See where it all started along the Fraser River at Fort Langley National Historic Site, the Birthplace of British Columbia!

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A visit to Fort Langley National Historic Site's oldest (and only) original building (also recognized as the oldest building on Mainland British Columbia), the Storehouse, allows people to get an up close look at the supplies and trade items that enticed people to the wilds of British Columbia. A large collection of furs is one of the Storehouse's biggest attractions as visitors can touch and ask questions about this valuable trade item.
One of the many buildings visitors can explore at Fort Langley National Historic Site in Fort Langley, British Columbia is the Cooperage which was where barrels were built to store goods to be shipped back to Europe. Many tools, wood and other barrel making materials and equipment can be seen throughout the building.
Fort Langley National Historic Site in Fort Langley, British Columbia offers a colonist view of the region which was dominated by the surrounding river, forest and mountains. The Fort provides a unique perspective of British Columbia's early history with costumed interpreters in many of its buildings such as the Cooperage which was where barrels where built for storage and shipping.
With several buildings to explore, the Fort Langley National Historic Site in Fort Langley, British Columbia offers a unique opportunity to experience life in the region during the 1800s when food and supplies were unreliable, when fur was a valuable commodity and the wilds of British Columbia were not yet discovered. Explore the hands-on exhibits as well as the more contemporary Exhibit building which provides a look at the history of the Fort and some of its driving forces.
Visitors to Fort Langley National Historic Site on Fort Langley, British Columbia can explore the southern end of the Fort which is the location of a small garden and the animal pens which hold a small group of chickens, goats and pigs. These gardens and animals provided food and fresh, seasonal fruits and vegetables which were vital to the diets of the new colonists.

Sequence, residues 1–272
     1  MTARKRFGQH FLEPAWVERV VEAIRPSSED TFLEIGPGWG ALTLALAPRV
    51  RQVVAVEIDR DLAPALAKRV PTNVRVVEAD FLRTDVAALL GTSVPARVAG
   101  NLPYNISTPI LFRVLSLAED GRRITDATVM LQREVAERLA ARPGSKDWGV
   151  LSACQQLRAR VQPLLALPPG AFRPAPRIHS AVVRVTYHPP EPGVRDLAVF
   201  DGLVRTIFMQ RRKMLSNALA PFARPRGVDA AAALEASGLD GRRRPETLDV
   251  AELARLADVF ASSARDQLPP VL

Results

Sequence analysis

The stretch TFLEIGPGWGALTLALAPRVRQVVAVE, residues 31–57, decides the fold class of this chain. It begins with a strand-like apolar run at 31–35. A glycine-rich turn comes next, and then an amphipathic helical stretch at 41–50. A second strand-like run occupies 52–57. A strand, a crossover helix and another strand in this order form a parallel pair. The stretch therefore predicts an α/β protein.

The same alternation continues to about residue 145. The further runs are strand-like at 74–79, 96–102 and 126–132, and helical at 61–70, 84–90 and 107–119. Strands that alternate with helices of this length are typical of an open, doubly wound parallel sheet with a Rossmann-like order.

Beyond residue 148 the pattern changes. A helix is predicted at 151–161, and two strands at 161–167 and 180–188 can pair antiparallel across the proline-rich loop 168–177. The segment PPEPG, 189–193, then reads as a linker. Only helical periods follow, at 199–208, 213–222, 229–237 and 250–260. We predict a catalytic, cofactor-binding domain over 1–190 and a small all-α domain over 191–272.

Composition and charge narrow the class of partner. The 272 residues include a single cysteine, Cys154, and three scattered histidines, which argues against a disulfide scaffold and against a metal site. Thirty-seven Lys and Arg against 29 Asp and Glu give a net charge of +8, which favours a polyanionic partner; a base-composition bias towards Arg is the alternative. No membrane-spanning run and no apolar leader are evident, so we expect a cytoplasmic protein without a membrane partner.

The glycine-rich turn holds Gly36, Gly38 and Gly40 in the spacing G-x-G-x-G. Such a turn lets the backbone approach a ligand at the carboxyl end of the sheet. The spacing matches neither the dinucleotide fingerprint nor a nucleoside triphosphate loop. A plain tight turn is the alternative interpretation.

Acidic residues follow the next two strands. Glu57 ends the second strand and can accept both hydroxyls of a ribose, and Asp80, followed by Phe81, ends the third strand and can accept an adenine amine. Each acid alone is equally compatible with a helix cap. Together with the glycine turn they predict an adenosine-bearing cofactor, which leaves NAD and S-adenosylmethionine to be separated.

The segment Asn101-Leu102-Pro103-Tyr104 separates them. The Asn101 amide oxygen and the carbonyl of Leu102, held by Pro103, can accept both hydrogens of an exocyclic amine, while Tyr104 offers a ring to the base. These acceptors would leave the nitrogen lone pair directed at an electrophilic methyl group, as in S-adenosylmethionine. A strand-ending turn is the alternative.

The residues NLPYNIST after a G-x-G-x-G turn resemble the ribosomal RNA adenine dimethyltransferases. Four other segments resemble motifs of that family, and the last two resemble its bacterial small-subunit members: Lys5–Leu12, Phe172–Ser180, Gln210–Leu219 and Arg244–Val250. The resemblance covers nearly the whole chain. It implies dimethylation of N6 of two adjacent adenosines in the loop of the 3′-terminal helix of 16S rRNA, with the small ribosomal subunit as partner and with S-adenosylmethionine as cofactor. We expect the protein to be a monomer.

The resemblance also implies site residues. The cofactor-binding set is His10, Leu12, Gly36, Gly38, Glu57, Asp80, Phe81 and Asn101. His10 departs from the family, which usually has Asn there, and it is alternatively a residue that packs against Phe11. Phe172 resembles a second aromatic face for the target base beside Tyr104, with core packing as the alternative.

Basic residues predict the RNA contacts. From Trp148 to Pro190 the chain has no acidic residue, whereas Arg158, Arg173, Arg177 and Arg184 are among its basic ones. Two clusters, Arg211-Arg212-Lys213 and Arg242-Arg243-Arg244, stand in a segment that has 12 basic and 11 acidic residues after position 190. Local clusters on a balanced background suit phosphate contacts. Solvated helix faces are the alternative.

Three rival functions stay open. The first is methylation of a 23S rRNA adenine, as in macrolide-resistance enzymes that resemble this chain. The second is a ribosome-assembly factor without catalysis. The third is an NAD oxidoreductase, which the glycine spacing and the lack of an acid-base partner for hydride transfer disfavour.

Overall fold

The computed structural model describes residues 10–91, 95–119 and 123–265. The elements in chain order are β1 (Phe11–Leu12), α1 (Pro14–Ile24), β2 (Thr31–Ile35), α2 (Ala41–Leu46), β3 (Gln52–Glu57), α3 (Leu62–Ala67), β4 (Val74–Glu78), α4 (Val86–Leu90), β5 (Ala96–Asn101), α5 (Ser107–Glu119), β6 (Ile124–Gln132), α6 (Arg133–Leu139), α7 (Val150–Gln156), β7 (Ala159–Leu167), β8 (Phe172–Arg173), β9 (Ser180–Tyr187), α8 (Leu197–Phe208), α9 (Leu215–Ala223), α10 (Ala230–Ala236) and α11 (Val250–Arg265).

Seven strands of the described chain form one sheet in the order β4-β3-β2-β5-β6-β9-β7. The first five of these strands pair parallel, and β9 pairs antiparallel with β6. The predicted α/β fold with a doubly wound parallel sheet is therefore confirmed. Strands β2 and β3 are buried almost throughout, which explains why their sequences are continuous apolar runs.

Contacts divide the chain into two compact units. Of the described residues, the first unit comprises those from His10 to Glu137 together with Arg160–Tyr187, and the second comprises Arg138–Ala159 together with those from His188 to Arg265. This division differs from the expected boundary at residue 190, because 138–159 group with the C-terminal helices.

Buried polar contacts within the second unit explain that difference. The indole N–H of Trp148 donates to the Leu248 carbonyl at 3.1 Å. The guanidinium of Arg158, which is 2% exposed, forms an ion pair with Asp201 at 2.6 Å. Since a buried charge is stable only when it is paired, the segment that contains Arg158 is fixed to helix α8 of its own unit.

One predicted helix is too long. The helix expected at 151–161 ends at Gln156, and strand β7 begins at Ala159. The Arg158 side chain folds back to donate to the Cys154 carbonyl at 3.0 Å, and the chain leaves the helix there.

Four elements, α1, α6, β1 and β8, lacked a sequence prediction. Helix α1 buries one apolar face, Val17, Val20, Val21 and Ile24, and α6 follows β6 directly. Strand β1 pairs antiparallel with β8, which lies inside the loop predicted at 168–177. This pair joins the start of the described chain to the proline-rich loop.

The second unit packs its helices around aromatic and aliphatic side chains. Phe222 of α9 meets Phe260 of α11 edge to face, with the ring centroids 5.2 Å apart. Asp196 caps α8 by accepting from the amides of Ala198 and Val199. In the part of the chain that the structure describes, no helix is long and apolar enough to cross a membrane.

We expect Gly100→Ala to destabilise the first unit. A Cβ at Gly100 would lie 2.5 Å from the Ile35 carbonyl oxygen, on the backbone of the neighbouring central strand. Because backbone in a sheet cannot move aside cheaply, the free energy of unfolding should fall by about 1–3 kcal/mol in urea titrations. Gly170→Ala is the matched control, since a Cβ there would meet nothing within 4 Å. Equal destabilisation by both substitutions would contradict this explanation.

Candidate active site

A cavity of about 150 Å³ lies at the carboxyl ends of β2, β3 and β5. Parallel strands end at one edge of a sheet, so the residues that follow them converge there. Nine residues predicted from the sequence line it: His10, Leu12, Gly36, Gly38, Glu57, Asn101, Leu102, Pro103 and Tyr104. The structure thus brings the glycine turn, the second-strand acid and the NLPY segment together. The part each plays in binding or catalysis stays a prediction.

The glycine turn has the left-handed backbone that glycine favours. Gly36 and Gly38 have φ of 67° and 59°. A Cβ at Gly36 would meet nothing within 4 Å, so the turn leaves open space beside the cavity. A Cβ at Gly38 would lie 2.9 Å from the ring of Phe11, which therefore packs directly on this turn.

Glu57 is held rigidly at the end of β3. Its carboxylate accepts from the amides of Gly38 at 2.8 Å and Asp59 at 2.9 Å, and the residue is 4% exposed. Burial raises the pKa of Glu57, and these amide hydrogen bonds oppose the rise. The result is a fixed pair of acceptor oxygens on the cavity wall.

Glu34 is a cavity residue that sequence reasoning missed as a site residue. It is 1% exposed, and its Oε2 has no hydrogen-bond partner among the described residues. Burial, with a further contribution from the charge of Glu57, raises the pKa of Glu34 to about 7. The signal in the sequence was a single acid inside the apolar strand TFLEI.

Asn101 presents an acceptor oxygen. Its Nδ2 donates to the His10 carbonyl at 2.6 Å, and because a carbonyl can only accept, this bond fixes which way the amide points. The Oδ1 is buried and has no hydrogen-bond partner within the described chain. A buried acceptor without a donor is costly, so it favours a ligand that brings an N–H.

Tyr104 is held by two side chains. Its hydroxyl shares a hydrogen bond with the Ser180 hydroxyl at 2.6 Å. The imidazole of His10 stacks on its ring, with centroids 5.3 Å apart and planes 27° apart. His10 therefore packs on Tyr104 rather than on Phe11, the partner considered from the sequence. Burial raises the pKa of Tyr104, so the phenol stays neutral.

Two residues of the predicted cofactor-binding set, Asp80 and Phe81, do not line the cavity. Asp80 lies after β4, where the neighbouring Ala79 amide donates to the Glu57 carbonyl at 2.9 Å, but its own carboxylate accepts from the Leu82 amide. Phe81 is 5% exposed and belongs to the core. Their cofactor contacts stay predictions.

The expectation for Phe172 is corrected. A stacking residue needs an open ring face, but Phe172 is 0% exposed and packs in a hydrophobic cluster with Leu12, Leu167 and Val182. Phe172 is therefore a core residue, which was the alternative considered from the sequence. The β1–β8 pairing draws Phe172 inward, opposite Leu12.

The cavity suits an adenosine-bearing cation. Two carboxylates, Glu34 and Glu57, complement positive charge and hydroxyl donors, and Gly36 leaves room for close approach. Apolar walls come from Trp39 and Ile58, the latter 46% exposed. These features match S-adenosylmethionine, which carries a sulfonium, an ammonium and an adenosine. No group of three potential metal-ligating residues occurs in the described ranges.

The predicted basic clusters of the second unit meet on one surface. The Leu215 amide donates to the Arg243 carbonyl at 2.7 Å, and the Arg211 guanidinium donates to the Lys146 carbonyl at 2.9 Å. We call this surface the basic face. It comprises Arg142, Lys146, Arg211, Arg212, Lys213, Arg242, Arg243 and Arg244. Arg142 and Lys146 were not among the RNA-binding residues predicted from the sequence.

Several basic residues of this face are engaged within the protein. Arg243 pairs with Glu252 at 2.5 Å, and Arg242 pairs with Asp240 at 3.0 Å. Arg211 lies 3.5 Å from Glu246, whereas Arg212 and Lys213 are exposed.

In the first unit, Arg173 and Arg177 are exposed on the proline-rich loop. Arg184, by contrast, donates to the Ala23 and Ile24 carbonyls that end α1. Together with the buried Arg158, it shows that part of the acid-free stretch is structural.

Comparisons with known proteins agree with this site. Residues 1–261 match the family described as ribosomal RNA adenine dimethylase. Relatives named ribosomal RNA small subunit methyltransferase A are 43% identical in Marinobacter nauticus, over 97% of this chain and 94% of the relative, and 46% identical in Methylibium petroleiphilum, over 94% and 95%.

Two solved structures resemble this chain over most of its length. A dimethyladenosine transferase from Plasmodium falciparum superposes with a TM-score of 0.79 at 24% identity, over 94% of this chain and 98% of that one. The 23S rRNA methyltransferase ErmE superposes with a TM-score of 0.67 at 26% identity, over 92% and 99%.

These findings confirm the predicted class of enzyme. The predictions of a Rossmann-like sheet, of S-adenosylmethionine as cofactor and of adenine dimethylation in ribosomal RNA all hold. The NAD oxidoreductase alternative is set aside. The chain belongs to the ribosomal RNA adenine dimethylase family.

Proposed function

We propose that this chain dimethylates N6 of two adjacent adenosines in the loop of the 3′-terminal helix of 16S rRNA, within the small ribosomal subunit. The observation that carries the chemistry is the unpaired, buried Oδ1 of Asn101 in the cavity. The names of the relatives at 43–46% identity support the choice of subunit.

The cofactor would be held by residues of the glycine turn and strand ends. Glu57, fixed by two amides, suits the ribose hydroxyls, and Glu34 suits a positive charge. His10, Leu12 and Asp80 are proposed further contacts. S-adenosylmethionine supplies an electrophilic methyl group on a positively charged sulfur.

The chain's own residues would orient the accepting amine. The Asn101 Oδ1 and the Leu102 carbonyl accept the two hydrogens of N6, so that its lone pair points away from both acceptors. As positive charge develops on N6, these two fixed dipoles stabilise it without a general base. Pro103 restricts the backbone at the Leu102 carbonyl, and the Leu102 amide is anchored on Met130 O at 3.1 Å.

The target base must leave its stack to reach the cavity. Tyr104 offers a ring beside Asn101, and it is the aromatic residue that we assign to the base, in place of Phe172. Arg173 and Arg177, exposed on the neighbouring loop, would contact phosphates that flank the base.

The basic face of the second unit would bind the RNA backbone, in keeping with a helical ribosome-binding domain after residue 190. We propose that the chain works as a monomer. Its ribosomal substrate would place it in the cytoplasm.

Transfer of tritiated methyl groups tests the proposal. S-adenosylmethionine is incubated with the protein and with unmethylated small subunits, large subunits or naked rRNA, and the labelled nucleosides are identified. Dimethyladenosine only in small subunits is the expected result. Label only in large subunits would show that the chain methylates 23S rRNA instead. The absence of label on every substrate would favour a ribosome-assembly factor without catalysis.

A high lookout was imperative for protection and Fort Langley was no different. During its early years, the Fort had three Bastion - wooden huts connected to the fortifications - for safety overlooking its main entrance (the Fraser River) and surroundings. Today, visitors can see two bastions at Fort Langley National Historic Site in Fort Langley, British Columbia which can be explored and learned about.
With over half a dozen buildings, Fort Langley National Historic Site in Fort Langley, British Columbia, there is plenty to explore inside and out! Buildings such as the Cooperage and the Storehouse provide a unique learning opportunity about British Columbia during the late 1800s and life in its untamed wilderness.
Fort Langley on the edge of the Fraser River was one of the first fledgling settlements in British Columbia and is now a National Historic Site (Fort Langley National Historic Site) for visitors to explore and enjoy with period costumed interpreters, restored buildings and more.


Location of Fort Langley National Historic Site: Birthplace of British Columbia

Use the interactive map below to locate and explore the areas around Fort Langley National Historic Site: Birthplace of British Columbia

23433 Mavis Avenue


Map of Langley

Click the brown GEMS on the map to navigate to the other activities within this region

Things to do in Langley